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Antiepileptic drug monotherapy for epilepsy: an overview of systematic reviews andnetwork meta-analysis

Antiepileptic drug monotherapy for epilepsy: an overview of systematic reviews and network meta-analysis

Antony Marson

University of Liverpool

The proposed research is being conducted as part of three year research programme ‘Clinical and cost effectiveness of interventions for epilepsy in the National Health Service (NHS)' which receives financial support from the National Institute of Health Research (NIHR).

I am coordinator of the National Audit of Seizure Management in Hospitals, which has been funded by a consortium of pharmaceutical companies: GSK, UCB Pharma, Eisai, Viropharma.

15 May 2014

Epilepsy is a common neurological condition in which recurrent, unprovoked seizures are caused by abnormal electrical discharges from the brain. It is believed that with effective drug treatment, up to 70% of individuals with active epilepsy have the potential to become seizure free and go into long-term remission of seizures shortly after starting therapy with a single antiepileptic drug (AED mono-therapy). There are currently over 50 drugs available worldwide for the treatment of various seizure and epilepsy types therefore making the correct choice of initial AED therapy for individuals with newly diagnosed seizures is of great importance. This choice should be made using the highest quality evidence regarding potential benefits and harms of various treatments.

The aim of our research is to produce an overview of the effectiveness of ten AEDs currently licenced and used in clinical practice for use as mono-therapy: Carbamazepine(CBZ), Phenytoin (PHT), Valproate (VPA), Phenobarbitone (PB), Oxcarbazepine (OXC), Lamotrigine (LTG), Gabapentin (GBP), Topiramate (TPM), Levetiracatam (LEV) and Zonisamide (ZNS). We will review all available evidence regarding the efficacy of the drugs in terms of how well they control seizures and the tolerability of the drugs in terms of side effects reported in clinical trials comparing two or more of the ten specified drugs. We will study two seizure types separately in this overview; generalised onset seizures in which electrical discharges begin in one part of the brain and move throughout the brain, and partial onset seizures in which the seizure is generated in and affects one part of the brain (the whole hemisphere of the brain or part of a lobe of the brain).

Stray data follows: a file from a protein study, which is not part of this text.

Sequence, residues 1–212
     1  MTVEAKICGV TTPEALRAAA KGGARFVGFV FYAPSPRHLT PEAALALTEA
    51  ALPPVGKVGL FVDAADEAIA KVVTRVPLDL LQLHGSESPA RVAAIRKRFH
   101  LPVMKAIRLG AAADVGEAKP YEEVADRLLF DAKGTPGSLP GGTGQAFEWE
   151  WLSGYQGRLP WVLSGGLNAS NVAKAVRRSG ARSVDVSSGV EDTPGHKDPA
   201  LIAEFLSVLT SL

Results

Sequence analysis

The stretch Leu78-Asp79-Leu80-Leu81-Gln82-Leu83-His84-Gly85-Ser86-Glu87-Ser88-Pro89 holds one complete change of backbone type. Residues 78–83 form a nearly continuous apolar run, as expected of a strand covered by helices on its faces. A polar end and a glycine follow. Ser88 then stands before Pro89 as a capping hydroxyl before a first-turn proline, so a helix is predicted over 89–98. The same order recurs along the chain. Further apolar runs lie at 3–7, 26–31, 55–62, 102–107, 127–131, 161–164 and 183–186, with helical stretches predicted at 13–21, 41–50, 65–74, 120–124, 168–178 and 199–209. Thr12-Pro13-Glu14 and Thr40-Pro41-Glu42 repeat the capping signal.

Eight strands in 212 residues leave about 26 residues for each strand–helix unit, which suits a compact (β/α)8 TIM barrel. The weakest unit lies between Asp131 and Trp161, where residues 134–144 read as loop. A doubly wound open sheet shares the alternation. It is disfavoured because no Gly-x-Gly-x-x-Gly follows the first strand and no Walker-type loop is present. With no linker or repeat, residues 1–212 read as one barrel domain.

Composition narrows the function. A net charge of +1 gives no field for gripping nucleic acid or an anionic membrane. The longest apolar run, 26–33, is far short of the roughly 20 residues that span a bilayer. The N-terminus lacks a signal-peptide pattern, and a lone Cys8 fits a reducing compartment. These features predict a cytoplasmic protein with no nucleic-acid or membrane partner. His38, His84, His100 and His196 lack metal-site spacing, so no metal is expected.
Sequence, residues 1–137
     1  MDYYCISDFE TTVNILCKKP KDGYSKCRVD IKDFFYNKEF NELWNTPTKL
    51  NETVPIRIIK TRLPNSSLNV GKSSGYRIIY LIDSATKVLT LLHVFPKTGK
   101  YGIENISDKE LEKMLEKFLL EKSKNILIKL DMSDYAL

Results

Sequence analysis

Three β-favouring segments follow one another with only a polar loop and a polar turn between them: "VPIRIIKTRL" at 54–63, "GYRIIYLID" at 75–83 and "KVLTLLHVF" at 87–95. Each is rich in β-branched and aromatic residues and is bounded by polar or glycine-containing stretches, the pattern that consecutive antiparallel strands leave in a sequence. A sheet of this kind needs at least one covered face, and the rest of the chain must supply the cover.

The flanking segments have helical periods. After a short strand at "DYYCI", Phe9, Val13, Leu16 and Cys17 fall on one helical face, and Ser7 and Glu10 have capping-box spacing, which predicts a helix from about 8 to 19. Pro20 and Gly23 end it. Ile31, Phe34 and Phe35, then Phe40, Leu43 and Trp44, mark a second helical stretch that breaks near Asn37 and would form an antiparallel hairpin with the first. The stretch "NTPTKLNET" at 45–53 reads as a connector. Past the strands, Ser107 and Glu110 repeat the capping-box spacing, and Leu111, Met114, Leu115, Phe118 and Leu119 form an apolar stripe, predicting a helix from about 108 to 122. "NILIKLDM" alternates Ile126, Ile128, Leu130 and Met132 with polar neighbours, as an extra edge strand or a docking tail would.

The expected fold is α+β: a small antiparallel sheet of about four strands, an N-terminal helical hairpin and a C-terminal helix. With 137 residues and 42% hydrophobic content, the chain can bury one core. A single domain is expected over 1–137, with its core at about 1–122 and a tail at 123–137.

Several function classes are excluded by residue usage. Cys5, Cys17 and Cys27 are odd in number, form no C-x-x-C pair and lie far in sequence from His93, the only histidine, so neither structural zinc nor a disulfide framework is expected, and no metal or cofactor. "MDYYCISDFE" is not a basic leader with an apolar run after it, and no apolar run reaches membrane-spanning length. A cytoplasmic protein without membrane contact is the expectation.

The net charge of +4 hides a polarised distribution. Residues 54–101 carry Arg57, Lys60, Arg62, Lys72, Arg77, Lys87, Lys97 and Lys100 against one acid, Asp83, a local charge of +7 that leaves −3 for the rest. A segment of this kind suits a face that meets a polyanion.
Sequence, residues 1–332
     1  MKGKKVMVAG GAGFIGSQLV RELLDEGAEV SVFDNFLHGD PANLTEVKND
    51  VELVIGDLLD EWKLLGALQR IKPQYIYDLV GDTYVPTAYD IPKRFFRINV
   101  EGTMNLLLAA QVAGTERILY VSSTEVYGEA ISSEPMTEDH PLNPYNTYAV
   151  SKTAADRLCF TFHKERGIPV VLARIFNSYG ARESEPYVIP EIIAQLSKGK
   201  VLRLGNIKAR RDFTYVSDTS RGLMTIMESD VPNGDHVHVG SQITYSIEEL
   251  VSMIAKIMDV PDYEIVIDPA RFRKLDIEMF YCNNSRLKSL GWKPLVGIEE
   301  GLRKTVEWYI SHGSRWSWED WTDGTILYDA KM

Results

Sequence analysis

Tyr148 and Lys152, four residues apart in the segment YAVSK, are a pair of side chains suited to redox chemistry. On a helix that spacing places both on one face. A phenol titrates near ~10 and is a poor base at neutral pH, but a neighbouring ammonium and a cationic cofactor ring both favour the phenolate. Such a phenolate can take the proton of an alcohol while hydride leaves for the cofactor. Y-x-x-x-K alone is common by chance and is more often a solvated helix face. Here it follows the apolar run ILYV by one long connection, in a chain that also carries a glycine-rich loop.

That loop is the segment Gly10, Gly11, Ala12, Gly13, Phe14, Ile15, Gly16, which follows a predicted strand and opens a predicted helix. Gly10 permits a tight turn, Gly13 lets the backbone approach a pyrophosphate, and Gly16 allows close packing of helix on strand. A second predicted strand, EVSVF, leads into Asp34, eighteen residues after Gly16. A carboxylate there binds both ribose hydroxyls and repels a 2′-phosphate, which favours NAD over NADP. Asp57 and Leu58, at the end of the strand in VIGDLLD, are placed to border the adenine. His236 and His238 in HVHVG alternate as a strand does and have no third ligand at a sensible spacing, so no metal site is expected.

Current guidelines from the National Institute of Clinical Excellence (NICE) recommend CBZ or LTG as initial treatment for an individual with newly diagnosed partial seizures and VPA as initial treatment for newly diagnosed generalised seizures. The results of our overview will provide evidence to inform these guidelines for future individuals with newly diagnosed seizures and will provide evidence to inform a choice for decision makers, clinicians or individuals with epilepsy between appropriate drugs available for the initial treatment of epilepsy.

[{ "PostingID": 457, "Title": "GSK-SCAA4001", "Description": "A Double-blind, Double-dummy, Parallel-group Comparison of Lamotrigine and Divalproex Sodium Initial Monotherapy in Patients with Epilepsy

Medicine: lamotrigine, Condition: Epilepsy, Phase: 4, Clinical Study ID: SCAA4001, Sponsor: GSK" }]

Statistical Analysis Plan